Hydrological processes in small catchments of mountain headwater lakes: The Tatra Mountains
2006 (English)In: Biologia (Bratislava), ISSN 0006-3088, E-ISSN 1336-9563, Vol. 61, S1-S10 p.Article in journal (Refereed) Published
This study evaluates runoff and different methods for the estimation of water balance and runoff genesis in four small alpine catchments, which lie outside the standard network of hydrological and climate networks. These test catchments, whose size ranges between 2.3 and 110 ha, are located above the timberline at elevations between 1,784 and 2,380 m. Their land surfaces consist of lakes, rock formations, debris deposits, and alpine meadows. Hydrological data were collected for the water year 2001. The catchments were instrumented by three automatic weather stations recording global and net solar radiation, air temperature, humidity, precipitation, and soil temperature. Lake water levels were registered with staff gauges and runoff evaluated from water storage calculations. Runoff genesis was investigated by means of chemical tracers (Rhodamine WT and Lithium chloride). Hydrological process estimations were made using standard methods including: the input of precipitation and snowmelt, both potential and actual evaporation, which was estimated by the approaches of HAMON, PRIESTLEY-TAYLOR, PENMAN and GRINDLEY, and runoff calculated from the lake storage, were compared with results of the conceptual hydrological BROOK90 model. The empirical results show that hydrological processes are governed by the temperature-dependent regime of high mountain snowmelt. However, the major differences in water yield and runoff genesis between watersheds were due to differences in the morphologies of the lakes and their basins, the soil-vegetation complex, and runoff routing. Evaluating approaches to estimation, PENMAN's combination of both aerodynamic and energy balance method provides the best fit to observed data with observed evapotranspiration being 78 to 99% of the potential calculated. The deterministic BROOK90 model is effective for precipitation-runoff genesis studies in small headwater catchments. In the L'adove pleso basin predicted and observed water yield show close correlation. The annual sum of actual evapotranspiration calculated by BROOK90 (352 mm) corresponds closely to that estimated by the approach of Penman (386 mm).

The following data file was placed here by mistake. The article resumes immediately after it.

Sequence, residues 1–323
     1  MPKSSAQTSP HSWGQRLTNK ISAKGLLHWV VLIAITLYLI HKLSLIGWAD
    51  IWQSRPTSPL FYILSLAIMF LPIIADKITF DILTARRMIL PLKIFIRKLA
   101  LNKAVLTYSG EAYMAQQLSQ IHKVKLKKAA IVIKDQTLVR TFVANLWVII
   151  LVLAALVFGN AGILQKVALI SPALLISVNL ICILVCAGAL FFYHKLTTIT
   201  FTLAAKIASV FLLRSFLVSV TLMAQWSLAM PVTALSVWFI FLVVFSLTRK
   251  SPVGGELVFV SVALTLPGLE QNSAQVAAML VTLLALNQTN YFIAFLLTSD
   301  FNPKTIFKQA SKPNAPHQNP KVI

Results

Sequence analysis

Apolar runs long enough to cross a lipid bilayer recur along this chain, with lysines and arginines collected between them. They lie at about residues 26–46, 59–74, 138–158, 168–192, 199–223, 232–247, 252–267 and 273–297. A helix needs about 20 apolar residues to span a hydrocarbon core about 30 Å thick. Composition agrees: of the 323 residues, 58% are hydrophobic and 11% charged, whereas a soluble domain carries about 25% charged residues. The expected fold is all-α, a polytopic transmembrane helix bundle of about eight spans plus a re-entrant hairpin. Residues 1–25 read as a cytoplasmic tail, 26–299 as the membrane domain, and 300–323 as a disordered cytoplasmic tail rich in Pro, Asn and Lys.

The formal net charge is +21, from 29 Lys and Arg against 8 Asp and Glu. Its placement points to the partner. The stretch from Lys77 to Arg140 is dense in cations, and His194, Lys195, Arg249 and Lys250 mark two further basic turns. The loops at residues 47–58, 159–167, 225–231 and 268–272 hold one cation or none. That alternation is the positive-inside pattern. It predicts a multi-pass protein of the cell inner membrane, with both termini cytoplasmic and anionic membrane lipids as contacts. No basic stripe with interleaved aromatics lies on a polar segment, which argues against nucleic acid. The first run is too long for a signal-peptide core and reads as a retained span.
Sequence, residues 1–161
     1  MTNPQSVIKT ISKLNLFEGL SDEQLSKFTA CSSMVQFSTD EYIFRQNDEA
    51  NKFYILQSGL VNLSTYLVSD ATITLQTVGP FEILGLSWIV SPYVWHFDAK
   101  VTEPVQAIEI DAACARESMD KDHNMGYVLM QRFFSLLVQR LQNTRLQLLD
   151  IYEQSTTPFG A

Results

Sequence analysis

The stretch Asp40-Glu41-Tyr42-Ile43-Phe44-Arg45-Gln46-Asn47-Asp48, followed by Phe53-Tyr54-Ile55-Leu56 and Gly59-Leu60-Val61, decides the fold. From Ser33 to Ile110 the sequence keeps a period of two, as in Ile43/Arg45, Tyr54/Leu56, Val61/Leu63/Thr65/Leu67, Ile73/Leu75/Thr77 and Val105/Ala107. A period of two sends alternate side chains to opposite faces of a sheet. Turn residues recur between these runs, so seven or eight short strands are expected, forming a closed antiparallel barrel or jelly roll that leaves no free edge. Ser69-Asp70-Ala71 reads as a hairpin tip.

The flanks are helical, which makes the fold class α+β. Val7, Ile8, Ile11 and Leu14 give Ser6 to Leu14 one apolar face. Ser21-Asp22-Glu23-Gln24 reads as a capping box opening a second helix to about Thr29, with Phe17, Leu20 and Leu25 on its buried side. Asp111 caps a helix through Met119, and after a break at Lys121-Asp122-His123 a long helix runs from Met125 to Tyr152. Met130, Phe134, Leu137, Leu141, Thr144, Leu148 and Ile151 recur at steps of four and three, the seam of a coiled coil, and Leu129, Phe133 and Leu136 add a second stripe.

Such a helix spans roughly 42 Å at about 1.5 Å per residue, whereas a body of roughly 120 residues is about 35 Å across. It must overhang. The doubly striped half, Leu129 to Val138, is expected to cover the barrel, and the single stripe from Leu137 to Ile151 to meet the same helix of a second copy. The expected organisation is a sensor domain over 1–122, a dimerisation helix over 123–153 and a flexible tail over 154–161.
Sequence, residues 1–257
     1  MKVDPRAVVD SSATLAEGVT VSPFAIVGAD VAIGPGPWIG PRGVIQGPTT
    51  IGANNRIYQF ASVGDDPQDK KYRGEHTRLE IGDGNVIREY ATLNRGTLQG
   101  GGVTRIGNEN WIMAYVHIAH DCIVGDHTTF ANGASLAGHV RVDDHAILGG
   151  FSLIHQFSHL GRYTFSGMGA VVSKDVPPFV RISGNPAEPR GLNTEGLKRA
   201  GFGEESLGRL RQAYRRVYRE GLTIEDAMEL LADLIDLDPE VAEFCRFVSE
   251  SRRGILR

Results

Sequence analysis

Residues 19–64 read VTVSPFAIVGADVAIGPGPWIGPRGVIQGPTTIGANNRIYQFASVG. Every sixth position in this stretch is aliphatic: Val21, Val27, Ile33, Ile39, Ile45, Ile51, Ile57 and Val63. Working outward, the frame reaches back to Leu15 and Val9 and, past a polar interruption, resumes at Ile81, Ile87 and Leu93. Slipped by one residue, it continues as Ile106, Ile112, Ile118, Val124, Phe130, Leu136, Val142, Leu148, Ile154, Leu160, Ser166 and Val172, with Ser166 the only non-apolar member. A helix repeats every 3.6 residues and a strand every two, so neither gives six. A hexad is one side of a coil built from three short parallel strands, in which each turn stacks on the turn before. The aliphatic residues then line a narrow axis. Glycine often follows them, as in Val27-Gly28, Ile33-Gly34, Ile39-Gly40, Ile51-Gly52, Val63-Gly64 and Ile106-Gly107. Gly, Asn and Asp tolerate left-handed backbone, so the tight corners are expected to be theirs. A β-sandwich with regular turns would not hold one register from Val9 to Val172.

Place, publisher, year, edition, pages
2006. Vol. 61, S1-S10 p.
alpine catchments, precipitation, evaporation, runoff genesis, water balance, Slovakia, Poland
Earth and Related Environmental Sciences
IdentifiersURN: urn:nbn:se:uu:diva-153745ISI: 000241735600002OAI: oai:DiVA.org:uu-153745DiVA: diva2:417809